Yet both Butler and Thomas spent more than twenty years in jail. Thomas aka Islam died in 2009, but Butler aka Aziz, 81, features in the documentary. After the release of the documentary, Manhattan DA, Cyrus Vance is conducting a review on the investigation of Feb. 1965 assassination. But Abdur-Rahman Muhammad (Pulitzer-Prize winning author David Garrow calls him, “the most knowledgeable Malcolm X scholar”) isn’t just content with challenging the official story but attempts to find the real people behind Malcolm’s murder.
Who Killed Malcolm X exhaustively investigates the Newark mosque no.25, from which the uncaught four assassins of Malcolm X supposedly came from. It scrutinizes the role Fruit of Islam, the paramilitary wing of the Nation of Islam, and Elijah Muhammad’s son played in ordering Malcolm’s murder. More importantly, the documentary looks at the role played by the puppet masters: from Hoover’s FBI to the nonchalant NYPD. There’s a suggestion that one of the tops of members of the Nation of Islam (John Ali) was an FBI informant. The bad men of the tale slowly start to emerge. Some like Edgar J. Hoover are long dead. But some like John Ali or the chillingly cynical retired NYPD detective, Tony Bouza are still convinced of their past actions.
In NYPD’s documents and FBI’s elaborate surveillance transcripts, it is obvious the threat Malcolm X posed to the establishment (more as a pan-African human rights activist than as a black separatist leader). Despite his determination and quest to find the truth, Abdur-Rahman’s subjectivity could have easily made him sound as a conspiracy theorist. But series directors Phil and Rachel have taken pains to commit to the camera all the facts (from government transcripts and documents) behind each disclosure. Although there may not be enough evidence to decidedly point fingers at the FBI and NYPD, the documents uncover enough facts to underline their undeniable role in Malcolm’s unraveling. Of course, we don’t need to be deeply perceptive to comprehend how governments tackle powerful dissenters speaking irrefutable truths.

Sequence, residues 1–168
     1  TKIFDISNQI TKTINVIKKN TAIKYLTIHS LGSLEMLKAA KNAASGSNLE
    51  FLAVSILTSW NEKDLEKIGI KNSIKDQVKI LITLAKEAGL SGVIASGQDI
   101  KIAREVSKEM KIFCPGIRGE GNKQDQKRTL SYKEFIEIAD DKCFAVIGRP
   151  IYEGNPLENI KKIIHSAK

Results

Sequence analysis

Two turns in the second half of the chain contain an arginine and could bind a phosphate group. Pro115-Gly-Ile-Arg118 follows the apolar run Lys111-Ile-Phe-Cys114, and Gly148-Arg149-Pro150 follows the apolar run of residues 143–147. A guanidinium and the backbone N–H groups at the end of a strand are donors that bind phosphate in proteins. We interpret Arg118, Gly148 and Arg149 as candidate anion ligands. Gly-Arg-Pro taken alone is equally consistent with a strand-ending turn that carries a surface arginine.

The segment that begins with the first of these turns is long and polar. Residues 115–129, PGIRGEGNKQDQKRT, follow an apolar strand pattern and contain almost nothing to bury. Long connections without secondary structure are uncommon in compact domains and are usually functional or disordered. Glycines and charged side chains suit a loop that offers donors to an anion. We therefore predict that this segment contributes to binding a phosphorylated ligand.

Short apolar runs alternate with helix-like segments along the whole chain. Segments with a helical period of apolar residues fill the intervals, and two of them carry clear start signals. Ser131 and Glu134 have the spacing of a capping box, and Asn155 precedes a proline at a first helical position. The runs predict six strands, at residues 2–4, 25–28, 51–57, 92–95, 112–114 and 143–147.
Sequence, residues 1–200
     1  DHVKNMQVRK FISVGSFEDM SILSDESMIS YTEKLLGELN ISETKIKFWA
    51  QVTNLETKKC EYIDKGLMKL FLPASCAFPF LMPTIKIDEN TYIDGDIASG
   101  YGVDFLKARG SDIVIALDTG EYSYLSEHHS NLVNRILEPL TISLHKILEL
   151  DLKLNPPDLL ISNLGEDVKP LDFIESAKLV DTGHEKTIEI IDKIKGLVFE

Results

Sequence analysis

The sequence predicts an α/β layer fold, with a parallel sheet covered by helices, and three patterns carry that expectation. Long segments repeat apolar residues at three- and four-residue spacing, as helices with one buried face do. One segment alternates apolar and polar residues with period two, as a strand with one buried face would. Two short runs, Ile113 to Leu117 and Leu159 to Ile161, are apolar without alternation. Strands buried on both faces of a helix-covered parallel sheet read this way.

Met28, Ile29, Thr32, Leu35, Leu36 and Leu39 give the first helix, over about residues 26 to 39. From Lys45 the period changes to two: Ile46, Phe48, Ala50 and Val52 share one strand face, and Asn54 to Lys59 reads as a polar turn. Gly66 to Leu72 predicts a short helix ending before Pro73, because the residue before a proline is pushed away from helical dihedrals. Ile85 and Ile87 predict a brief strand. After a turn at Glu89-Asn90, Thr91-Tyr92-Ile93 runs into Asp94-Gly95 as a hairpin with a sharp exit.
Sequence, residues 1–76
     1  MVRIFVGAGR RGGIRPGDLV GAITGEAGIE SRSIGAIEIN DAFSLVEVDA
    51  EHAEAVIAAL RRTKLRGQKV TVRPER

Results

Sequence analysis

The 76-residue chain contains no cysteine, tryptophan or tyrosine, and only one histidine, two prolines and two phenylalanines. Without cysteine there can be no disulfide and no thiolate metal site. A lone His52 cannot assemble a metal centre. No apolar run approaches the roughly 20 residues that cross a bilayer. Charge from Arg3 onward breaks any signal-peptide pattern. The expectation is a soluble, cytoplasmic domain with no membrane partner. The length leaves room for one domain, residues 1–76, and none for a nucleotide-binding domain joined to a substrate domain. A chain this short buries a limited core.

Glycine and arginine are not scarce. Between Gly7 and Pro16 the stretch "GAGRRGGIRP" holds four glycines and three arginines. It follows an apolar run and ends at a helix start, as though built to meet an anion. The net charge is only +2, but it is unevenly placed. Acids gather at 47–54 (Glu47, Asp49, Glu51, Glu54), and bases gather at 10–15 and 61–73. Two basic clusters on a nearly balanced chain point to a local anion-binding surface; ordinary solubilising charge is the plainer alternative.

For those who are unaware of the inconsistencies in the investigation of Malcolm’s assassination, some of the information discussed here are so explosive. For instance, the identity of the man who allegedly wielded the shot-gun that took Malcolm’s life or the real identity of Malcolm’s bodyguard, Eugene Roberts. Who Killed Malcolm X, however, is at its best when the makers examine the complicated last year in Malcolm’s life. It poignantly recounts how the man found peace despite the ostracization and numerous death threats. People may question his politics, his changed perspective, but the man stood for freedom, justice, and equality. His words will continue to retain its power as long as the governments treat its own citizens as their primary enemy.